Church Planting

How to Choose an Effective Initial Discipleship Plan

Systems manager. That doesn’t sound like a very exciting title! Are systems restrictive and boring? Do they take away our freedom? Or do they actually set us free? When it comes to Disciple Making Movements, using simple systems is extremely freeing. They help the movement reproduce naturally and easily. A DMM practitioner is in some ways a systems manager. One of the first simple systems you need in place is a Short Term (Initial) Discipleship Plan.

As soon as people begin to believe, establish a reproducible plan for training new believers. The lessons must be simple enough that anyone can teach them. The new disciples must quickly be able to use the same system with those they lead to faith. This reproducibility is key in multiplying a movement. read more

How to Know Someone is Not a Person of Peace – Disciple Making Movements

not a person of peace

Salaam Alaikum,” said the Muslim man who greeted me. I replied with the traditional response, “Wa-Alaikum-Salaam.” The phrase means “Peace be upon you.” My response meant “And upon you as well.” The Jews use a similar phrase of salutation. It is the word “shalom.” Blessing those you greet with peace is a well-known tradition in Middle Eastern cultures. Is this what Jesus referred to when He spoke to His disciples about the Person of Peace in Luke 10?

“When you enter a house, first say, ‘Peace to this house.’ If someone who promotes peace is there, your peace will rest on them; if not, it will return to you. Stay there, eating and drinking whatever they give you, for the worker deserves his wages. Do not move around from house to house.” read more

How to Do A Start-Stop Exercise: Gain Victory Over Your Busy Life

start-stop exercise

Have you ever made a “To-Do” list and found it far too long? No one could possibly do all those things in the time available? Or maybe you don’t make lists, but experience a sense of inner pressure. You have too much to do. Disappointing people around you by not completing tasks on time, frustration is growing. You are disturbed that in spite of all the busy activities, you’re not seeing much progress. Not in the things that matter most to you – multiplying disciples among the unreached. Doing a Start-Stop exercise will help you get focused. read more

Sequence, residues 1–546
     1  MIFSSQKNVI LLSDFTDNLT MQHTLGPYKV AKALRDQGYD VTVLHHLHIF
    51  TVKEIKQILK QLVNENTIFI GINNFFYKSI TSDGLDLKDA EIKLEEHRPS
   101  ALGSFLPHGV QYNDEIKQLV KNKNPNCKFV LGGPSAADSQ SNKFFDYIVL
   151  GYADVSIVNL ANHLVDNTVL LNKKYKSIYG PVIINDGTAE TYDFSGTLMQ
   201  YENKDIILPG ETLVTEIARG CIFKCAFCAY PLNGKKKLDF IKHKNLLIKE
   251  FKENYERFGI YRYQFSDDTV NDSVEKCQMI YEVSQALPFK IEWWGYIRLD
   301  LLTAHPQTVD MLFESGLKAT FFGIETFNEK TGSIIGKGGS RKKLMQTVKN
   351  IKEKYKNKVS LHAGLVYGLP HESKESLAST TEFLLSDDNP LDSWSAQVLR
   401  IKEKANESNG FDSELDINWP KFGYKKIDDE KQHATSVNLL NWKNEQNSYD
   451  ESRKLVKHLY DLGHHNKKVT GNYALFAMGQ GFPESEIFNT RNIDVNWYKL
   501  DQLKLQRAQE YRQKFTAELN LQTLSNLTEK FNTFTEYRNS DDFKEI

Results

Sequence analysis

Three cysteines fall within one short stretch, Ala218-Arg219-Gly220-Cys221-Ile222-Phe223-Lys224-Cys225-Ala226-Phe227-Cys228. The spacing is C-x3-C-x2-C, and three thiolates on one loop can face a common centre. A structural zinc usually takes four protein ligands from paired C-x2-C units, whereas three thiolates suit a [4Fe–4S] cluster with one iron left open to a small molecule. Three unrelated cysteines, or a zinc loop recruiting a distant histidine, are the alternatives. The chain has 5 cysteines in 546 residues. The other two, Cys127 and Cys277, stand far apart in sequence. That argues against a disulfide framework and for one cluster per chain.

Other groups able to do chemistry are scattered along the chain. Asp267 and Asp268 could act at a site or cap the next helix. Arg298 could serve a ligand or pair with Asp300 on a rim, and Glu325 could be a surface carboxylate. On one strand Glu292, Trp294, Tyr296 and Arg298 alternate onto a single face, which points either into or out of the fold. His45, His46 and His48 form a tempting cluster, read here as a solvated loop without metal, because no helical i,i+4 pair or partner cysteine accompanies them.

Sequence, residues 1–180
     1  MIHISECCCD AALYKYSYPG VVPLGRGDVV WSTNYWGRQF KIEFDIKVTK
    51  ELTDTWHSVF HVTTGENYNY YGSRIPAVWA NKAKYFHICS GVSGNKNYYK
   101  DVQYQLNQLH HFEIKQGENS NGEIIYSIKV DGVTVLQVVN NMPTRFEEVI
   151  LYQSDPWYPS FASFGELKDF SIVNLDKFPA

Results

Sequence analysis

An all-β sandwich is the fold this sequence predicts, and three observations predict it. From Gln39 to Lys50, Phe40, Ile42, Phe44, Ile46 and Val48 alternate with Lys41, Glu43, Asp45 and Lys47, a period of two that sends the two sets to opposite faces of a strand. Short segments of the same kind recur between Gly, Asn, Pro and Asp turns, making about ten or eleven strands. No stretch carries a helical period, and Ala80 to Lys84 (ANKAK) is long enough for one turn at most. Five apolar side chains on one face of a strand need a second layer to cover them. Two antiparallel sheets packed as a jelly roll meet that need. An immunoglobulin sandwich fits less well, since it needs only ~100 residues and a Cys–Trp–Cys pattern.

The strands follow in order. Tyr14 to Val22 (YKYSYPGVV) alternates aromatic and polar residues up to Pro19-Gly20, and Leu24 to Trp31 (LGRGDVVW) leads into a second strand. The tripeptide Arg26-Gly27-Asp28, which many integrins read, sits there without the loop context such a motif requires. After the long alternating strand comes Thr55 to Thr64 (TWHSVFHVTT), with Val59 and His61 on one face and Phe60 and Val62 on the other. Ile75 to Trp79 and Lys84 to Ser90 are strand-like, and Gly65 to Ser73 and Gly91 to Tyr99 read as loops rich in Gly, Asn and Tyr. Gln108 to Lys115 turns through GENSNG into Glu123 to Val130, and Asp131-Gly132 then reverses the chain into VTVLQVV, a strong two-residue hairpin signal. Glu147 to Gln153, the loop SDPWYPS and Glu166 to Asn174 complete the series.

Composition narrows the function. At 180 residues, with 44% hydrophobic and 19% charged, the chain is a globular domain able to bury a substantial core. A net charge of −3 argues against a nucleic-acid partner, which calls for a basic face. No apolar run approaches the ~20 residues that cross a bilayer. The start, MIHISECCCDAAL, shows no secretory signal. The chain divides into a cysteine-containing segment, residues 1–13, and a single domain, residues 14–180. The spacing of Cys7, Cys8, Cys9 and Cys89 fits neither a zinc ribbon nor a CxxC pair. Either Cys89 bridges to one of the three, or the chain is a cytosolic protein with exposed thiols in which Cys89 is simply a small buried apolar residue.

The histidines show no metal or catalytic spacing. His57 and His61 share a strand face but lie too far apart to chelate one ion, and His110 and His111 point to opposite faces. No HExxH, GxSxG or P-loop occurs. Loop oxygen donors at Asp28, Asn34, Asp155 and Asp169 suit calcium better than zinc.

Need a Great List of the Most Vital DMM Startup Tools?

DMM Tools

Rice, meat, spices, herbs, onion, garlic…you make your list and go to the market. Before making a special meal, you first prepare the ingredients you need. You wouldn’t want to start cooking and then have to stop and run to the store. In the same way, as you begin your journey with Disciple Making Movements (DMMs), it is good to get your tools, training, and material in place. This will give you a better chance of moving forward in your DMM journey.

Invest in Your DMM Toolbox

There are many different tools you can add to your “toolbox” as you make disciples. But there are several things that are most essential. Get those basics in place. Then, as a builder or carpenter does, when you come across various new materials and skills, you can also add them to your DMM tool belt. read more

How Not to Motivate Your Team (and 4 Ways that Work)

team

Working in a united team with a high level of commitment and diverse gifts is an amazing experience! As the Bible says, “One man can chase a thousand, or two put ten thousand to flight…” (Deut. 32:30-NIV.) This is only true when your team is united around the same vision and moving in the same direction. How do you get your team, or church, on board with the idea of launching a Disciple Making Movement (DMM)?

Much vision casting is necessary during the beginning phase. It carries on throughout the movement launching process. Learn how to do this well from the start. A deep commitment to multiplication will become an integral part of the movements’ DNA. read more

How to Develop a DMM End Vision Statement

End vision

Many people get excited about the idea of Disciple Making Movements (DMMs). Few see them happen in their ministry and locations. This is not because they are impossible. It is not because they are not on God’s heart to release. Why don’t they happen more often? One reason is that people don’t take time to develop a clear vision from the beginning.

You Need Clarity

An End Vision statement gives you (and your team) necessary focus for prayer and disciple-making.

Do you ever get distracted? Do you end up wasting hours on something that is not really that important to you? I do! Just the other day I spent hours tweaking a small video I was creating. Big waste of time. read more

10 Important Things To Do In Pursuing A DMM